Every meeting professional has plenty of day-to-day responsibilities. From adjusting the F&B budget for that upcoming event to reviewing post-event attendee feedback to negotiating another hotel contract, the to-do list can get very long. Unfortunately, the work environment can also make checking off the tasks on that list take much longer than expected, too.
A new survey from CareerBuilder digs into what’s getting in the way of our productivity. With responses from more than 3,000 employees and more than 2,100 hiring managers, the results reveal the top 10 productivity killers.
1) Cell phone/texting
3) The Internet
4) Social media
5) Snack breaks or smoke breaks
6) Noisy co-workers
9) Co-workers dropping by
10) Co-workers putting calls on speaker phone
SEE ALSO: 3 Free Apps To Increase Your Productivity
How Employers Are Dealing With Productivity Problems
For leaders who are looking to drive better performance from employees, here’s a look at some of the strategies other employers have used to power productivity.
- Blocking certain websites at work
- Prohibiting personal calls or personal use of cell phones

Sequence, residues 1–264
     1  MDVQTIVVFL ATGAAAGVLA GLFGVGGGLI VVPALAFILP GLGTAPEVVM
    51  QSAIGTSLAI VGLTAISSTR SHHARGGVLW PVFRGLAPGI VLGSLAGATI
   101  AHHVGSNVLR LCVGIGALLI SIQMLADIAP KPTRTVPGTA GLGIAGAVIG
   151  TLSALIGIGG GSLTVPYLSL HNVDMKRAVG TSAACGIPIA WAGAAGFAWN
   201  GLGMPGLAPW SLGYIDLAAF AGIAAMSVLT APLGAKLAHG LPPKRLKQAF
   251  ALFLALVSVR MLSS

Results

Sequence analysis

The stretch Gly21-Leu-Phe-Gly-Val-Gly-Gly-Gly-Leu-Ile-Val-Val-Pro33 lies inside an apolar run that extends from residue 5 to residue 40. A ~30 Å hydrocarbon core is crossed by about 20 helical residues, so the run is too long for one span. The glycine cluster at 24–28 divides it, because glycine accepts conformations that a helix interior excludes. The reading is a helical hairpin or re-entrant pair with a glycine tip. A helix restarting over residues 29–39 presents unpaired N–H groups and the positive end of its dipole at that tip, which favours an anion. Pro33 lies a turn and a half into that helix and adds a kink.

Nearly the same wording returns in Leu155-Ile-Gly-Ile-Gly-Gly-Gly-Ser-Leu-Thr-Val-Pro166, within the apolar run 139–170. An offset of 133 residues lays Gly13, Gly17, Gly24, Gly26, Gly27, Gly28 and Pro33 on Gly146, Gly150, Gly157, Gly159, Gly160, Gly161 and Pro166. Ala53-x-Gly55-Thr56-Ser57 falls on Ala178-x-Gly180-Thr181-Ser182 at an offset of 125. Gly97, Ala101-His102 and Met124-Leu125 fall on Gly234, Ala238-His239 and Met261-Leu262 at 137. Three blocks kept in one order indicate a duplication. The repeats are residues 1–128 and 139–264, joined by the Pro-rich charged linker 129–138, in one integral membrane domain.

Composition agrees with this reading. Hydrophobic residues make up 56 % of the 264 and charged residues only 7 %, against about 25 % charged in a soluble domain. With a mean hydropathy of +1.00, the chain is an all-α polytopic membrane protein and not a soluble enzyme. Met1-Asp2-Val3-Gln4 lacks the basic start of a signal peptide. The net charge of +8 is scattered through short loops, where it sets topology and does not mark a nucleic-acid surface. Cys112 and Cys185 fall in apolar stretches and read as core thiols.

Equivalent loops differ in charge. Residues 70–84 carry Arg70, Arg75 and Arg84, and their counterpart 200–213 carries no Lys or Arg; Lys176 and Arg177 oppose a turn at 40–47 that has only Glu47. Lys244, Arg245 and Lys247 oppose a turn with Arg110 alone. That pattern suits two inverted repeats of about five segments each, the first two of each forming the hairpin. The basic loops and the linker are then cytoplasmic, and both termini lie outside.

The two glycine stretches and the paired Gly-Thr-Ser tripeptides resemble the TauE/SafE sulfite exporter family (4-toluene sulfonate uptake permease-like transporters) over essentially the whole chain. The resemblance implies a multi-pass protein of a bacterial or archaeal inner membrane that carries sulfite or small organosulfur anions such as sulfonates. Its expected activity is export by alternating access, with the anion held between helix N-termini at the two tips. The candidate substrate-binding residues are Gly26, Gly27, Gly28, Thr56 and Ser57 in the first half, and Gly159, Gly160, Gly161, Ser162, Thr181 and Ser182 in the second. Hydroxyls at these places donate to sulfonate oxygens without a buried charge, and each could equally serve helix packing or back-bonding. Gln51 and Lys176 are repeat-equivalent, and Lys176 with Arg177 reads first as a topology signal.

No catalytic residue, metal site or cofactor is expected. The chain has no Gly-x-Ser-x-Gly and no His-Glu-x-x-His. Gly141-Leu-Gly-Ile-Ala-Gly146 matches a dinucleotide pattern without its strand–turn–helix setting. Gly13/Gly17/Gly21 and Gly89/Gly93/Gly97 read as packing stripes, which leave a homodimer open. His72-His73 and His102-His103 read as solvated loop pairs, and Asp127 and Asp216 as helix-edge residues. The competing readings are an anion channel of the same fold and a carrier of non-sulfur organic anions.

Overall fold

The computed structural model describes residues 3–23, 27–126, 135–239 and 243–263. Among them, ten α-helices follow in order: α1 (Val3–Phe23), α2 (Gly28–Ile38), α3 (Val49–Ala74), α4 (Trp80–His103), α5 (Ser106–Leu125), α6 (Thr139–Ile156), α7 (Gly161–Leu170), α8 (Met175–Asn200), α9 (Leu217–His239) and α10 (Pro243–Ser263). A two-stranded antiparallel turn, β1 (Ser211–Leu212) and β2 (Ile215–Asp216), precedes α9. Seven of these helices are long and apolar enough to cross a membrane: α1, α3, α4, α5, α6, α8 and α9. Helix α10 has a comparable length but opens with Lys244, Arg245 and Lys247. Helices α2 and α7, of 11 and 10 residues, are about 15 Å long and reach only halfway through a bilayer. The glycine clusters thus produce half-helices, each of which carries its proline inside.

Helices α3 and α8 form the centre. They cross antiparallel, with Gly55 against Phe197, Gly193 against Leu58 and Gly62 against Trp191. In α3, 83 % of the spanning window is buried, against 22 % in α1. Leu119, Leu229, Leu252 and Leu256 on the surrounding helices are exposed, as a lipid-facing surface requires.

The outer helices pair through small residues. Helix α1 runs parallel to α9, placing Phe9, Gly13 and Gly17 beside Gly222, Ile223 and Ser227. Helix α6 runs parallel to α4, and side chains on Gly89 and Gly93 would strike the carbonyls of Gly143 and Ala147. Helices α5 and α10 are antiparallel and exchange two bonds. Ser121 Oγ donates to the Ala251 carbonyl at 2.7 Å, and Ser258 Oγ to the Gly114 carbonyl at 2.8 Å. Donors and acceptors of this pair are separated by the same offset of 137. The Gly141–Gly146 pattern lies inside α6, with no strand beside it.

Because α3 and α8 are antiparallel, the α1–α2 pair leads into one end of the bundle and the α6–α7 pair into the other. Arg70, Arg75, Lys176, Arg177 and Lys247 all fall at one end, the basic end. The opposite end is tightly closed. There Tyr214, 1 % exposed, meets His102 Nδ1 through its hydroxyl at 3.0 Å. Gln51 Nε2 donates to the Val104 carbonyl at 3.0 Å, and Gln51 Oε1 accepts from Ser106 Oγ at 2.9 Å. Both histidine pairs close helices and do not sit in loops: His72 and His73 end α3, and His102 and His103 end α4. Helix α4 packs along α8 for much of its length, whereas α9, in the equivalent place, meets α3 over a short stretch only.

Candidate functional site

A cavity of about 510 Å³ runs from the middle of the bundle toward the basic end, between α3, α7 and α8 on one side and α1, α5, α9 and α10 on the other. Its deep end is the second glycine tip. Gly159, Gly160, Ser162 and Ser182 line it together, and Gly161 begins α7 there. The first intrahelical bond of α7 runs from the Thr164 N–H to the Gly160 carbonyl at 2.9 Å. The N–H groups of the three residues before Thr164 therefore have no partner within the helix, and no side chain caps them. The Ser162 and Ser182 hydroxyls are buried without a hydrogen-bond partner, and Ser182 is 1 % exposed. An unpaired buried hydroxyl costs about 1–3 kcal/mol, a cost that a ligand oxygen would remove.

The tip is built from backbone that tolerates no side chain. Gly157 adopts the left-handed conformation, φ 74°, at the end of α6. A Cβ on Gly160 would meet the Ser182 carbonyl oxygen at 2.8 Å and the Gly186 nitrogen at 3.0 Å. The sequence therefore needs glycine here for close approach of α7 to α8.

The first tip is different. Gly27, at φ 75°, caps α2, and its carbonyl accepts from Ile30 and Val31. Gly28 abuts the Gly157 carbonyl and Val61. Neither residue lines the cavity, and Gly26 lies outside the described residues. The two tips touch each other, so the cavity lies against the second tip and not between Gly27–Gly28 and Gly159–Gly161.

- Monitoring emails and Internet usage
- Scheduling lunch and break times
- Allowing people to telecommute
- Implementing an open space layout instead of cubicles
- Limiting meetings
- Restricting use of speaker phones if not in an office
When I first ready the survey results, I immediately questioned how monitoring Internet usage and outlawing personal phone calls could ever establish a trustworthy employee-employer relationship. Doesn’t that just make the boss seem more like an overbearing parent? Perhaps the answer is yes. However, as I continued reading, I recognized that these drastic measures might actually be necessary across today’s tech-driven business landscape. Just take a look at these statistics: 24 percent of employee respondents admitted they typically spend a least a full hour of the workday on personal calls, emails and texts, and 21 percent estimated spending at least one full hour browsing the Internet for non-work-related information. Those aren’t exactly promising figures for any boss under pressure to deliver superior results.
Does Creating A Cubicle Alternative Really Work?
While plenty of design experts have celebrated the open-space office layout for its more collaborative feel, a New Yorker article from Maria Konnikova earlier this year highlighted some serious problems. Sure, tearing down the walls of those old-school cubicles might sound appealing, but Konnikova cites a number of reasons for keeping those barriers intact. The most compelling argument? In a study of 2,400 workers in Denmark, those working in open offices took an average of 62 percent more sick days than those in traditional offices. There’s no worse productivity killer than being forced to stay in bed.
SEE ALSO: Attention, HR: Here’s The Problem With Your Office Environment
Do you have any solutions that have worked in your environment? Head over to Catalyst to share them.